One of the common ways people go to websites is to type in the name of the website with it’s .com or .com.au. Using words, rather than numbers to get to those websites uses a service called a “domain name service” or DNS. It’s easier for us to type in “wikipedia.com” rather than “188.8.131.52, and the DNS does this translation for us.
Unfortunately some rather shifty characters decided to exploit this system and unsuspecting Internet users. The users thought they were going to iTunes for example, and ended up on a bogus site claiming to sell Apple software. Essentially, victims were shown an altered version of the Internet. It was a scheme to rip off consumers as well as companies consumers wanted to buy from.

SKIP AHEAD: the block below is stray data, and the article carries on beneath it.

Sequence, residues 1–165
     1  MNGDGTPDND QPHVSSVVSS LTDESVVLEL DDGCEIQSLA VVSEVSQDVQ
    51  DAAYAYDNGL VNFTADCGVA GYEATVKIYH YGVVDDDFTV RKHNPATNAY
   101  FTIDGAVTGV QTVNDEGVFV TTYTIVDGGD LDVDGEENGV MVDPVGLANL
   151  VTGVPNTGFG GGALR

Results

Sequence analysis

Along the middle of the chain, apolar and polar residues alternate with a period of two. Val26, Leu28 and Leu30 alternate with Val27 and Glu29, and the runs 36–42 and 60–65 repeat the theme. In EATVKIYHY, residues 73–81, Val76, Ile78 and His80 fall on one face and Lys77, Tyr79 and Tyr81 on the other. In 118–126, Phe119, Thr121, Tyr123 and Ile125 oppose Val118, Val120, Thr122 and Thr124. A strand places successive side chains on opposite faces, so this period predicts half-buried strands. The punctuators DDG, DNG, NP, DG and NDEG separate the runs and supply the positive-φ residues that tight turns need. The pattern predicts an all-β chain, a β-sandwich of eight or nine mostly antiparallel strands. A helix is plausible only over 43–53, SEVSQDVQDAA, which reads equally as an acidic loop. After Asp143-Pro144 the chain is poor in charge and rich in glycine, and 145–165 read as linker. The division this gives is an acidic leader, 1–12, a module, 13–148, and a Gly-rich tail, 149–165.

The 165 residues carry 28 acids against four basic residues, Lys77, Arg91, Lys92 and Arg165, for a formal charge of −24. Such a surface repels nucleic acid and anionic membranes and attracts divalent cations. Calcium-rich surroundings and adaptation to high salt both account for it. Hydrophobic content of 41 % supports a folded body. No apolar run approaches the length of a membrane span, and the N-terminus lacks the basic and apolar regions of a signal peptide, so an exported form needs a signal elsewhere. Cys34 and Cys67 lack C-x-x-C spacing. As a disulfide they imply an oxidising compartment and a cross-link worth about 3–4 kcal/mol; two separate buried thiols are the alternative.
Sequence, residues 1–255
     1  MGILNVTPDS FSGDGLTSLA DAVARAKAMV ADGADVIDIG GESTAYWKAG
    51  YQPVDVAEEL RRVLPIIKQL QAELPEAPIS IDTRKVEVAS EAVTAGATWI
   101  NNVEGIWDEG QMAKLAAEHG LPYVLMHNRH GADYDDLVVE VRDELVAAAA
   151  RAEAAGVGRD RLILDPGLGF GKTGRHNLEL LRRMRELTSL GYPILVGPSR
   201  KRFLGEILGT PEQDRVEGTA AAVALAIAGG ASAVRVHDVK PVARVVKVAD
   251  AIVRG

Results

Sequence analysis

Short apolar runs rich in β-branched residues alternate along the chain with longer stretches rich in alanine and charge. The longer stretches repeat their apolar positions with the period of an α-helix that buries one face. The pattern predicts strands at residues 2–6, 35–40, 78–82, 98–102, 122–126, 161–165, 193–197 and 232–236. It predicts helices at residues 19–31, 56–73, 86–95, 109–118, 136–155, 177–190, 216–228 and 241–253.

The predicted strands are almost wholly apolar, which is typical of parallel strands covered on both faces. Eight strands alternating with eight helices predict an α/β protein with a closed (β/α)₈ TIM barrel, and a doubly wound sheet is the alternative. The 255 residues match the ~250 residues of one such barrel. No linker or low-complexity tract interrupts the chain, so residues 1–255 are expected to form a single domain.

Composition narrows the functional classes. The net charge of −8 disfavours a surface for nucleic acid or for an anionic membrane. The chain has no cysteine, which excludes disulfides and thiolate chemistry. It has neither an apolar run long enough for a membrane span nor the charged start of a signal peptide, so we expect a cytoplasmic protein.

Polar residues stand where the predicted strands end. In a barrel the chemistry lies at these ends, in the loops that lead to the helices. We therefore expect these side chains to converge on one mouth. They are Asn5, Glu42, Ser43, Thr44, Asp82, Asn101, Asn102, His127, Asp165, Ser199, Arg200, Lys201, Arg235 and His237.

To do this, the criminals distributed a virus which changed the locations of the DNS. This virus has infected both Windows and Mac machines, world-wide.
Here’s a quick and easy way to check if your machine is infected > http://www.dcwg.org/detect/.
If your machine is infected, this same site “dcwg” offers a number of links to services which can clean it up for you.
While the FBI has shut down the core group and machines behind this scheme, more than 4 million servers and machines still remain infected with the virus. To prevent massive disruption on the Internet, the FBI put clean servers in place to get visitors where they wanted to go on-line.
What’s with July 9? Because on 9 July, 2012, the FBI is shutting down those clean servers. If your machine is infected with the virus, you may find you cannot access the Internet any longer. For home users, that would be very inconvenient. For businesses, it could be very costly.